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Barnes’ death sentence vacated in 1992 Tutterow murders

SALISBURY — A federal judge has vacated the death sentence of a man found guilty in the 1992 murders of B.P. and Ruby Tutterow and given 300 days for a new sentencing hearing.

William Leroy Barnes, one of three men convicted in February 1994 in the murders, saw his death sentence vacated in December in an order by Judge Thomas D. Schroeder, a federal judge in the Middle District of North Carolina. At issue in the case is whether misconduct by a juror had an effect on the jury’s decision to impose the death penalty.

The state of North Carolina now has 300 days from Dec. 7, the date of the court’s order, to have a new sentencing hearing for Barnes. Alternatively, if no hearing is conducted, Barnes will receive life in prison, according to Schroeder’s order.

The case originated in Rowan County and, if a sentencing hearing is scheduled, could wind up back in Rowan County courts. While Rowan County District Attorney Brandy Cook confirmed the court’s ruling, she declined to comment about what her office planned to do in Barnes’ case.

“Since this is pending and pursuant to the North Carolina Rules of Professional Conduct, I respectfully cannot comment further,” Cook told the Post.

Tutterow murders

B.P. and Ruby Tutterow were shot several times in a brutal murder on Oct. 29, 1992.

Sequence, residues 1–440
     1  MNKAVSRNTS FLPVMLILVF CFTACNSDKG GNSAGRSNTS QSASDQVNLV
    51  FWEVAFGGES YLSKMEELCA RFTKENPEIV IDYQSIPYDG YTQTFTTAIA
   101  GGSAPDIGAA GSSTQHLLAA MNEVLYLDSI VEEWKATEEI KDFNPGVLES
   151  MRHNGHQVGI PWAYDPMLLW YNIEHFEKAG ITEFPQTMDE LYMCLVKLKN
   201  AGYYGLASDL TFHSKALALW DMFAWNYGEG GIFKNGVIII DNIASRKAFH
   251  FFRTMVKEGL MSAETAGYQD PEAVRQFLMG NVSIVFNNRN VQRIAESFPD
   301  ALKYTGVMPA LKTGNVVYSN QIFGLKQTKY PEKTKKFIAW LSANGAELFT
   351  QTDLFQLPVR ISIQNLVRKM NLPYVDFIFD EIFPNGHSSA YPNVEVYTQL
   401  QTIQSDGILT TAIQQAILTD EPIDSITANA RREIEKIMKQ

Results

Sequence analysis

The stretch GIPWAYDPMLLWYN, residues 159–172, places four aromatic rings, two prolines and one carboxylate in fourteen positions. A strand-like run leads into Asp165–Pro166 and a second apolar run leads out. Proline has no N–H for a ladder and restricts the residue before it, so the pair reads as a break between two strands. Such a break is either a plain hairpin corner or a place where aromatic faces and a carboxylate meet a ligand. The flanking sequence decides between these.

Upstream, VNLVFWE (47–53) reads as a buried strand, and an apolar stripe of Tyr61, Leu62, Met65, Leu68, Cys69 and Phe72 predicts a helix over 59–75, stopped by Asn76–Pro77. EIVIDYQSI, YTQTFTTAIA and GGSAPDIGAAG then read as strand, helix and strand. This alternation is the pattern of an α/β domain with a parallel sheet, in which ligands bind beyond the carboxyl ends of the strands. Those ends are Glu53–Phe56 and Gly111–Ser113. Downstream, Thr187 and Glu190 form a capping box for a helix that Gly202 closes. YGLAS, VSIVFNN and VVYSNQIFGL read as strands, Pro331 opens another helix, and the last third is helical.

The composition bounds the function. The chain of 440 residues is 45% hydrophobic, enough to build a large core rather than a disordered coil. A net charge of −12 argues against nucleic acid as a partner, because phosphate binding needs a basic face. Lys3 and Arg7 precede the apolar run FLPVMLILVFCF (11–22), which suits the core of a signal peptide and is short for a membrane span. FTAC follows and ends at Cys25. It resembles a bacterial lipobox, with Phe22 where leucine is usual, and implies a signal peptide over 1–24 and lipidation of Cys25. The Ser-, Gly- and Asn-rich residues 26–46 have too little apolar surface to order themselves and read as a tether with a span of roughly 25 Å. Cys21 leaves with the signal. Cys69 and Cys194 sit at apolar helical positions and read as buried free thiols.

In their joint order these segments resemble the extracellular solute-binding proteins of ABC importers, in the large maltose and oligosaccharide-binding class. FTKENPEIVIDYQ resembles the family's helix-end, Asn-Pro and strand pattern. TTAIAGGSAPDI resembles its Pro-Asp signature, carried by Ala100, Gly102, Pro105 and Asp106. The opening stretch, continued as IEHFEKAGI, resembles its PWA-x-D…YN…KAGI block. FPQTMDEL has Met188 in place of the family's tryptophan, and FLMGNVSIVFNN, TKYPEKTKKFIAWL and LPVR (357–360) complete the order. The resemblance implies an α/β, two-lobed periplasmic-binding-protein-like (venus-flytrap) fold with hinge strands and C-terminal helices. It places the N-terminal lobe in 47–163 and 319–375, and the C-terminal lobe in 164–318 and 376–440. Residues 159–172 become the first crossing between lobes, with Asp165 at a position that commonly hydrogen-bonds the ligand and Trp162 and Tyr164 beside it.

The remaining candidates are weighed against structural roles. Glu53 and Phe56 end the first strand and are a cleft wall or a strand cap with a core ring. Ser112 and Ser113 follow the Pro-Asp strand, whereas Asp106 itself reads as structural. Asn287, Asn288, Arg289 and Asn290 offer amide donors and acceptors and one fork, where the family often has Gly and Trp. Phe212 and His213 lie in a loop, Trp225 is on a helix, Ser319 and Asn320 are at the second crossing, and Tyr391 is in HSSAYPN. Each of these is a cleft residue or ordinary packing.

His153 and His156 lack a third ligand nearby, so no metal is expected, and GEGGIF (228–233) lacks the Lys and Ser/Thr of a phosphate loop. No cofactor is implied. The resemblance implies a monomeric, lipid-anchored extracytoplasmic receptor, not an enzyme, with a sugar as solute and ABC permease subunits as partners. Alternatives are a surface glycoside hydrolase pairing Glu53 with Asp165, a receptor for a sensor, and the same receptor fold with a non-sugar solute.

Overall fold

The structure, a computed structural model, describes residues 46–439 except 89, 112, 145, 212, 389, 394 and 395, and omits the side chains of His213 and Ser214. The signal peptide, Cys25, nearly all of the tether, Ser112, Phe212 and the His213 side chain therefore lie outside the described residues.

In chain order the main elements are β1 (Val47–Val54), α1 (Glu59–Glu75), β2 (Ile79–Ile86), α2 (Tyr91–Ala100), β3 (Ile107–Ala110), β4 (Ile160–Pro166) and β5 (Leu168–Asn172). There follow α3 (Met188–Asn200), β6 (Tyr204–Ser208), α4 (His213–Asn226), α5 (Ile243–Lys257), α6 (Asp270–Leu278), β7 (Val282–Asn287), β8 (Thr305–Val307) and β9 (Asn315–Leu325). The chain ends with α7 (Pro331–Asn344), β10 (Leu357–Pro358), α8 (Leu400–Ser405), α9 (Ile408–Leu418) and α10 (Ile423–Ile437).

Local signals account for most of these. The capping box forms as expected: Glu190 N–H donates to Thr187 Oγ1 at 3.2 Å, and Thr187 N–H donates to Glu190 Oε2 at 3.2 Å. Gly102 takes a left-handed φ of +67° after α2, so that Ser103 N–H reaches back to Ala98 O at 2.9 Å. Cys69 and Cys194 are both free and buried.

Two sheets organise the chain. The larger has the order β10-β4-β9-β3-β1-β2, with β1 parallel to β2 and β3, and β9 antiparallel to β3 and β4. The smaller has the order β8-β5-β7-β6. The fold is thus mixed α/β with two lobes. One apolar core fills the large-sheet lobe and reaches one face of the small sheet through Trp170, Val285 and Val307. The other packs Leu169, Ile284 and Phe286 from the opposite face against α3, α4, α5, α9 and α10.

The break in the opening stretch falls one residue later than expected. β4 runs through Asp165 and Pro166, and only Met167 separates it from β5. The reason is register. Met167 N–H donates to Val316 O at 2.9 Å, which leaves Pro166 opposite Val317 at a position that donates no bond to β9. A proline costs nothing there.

Frank Junior Chambers, a man also found guilty in the murders, accepted a plea deal that day from the Rowan County District Attorney’s Office and received a probationary sentence in a felony breaking and entering case. Then, hours later, Chambers, Robert Lewis Blakeney and Barnes, also known as “Green Eyes” and “Timmy,” forced their way into the Tutterows’ Park Avenue home.

During the trial in 1994, prosecutors portrayed the trio as cold and calculating. Blakeney smoked a cigarette and ground it into the bedroom carpet as the other men held the couple at gunpoint. Chambers snuffed out his cigarette in a dish that Ruby Tutterow made in a ceramics class. Barnes ate a pork chop that was found partially chewed and still in foil on the floor near the bodies.

But Blakeney told the court he did not kill the couple and put a gun down after it was handed to him.

Post archives show Blakeney told the court he met Barnes and Chambers in the parking lot of a convenience store at the intersection of North Long Street and Park Avenue, saying that he needed money. Another witness testified Barnes told him earlier on Oct. 29, 1992, he would “take out somebody” or sell drugs to make money.

After meeting at the convenience store, the trio walked to the Tutterow home.

B.P. Tutterow had a rifle and struggled with intruders near the door. He watched his wife die before the killers used one of his own guns to kill him, court testimony showed.

Two of the three men defiantly celebrated their death sentence in March 1994 when Barnes and Chambers shared a low-five that echoed through the courtroom, Post archives state. In addition to their death sentences, Barnes and Chambers received 120 years for armed robbery and burglary of the elderly couple’s home. Blakeney received back-to-back life sentences and 120 years.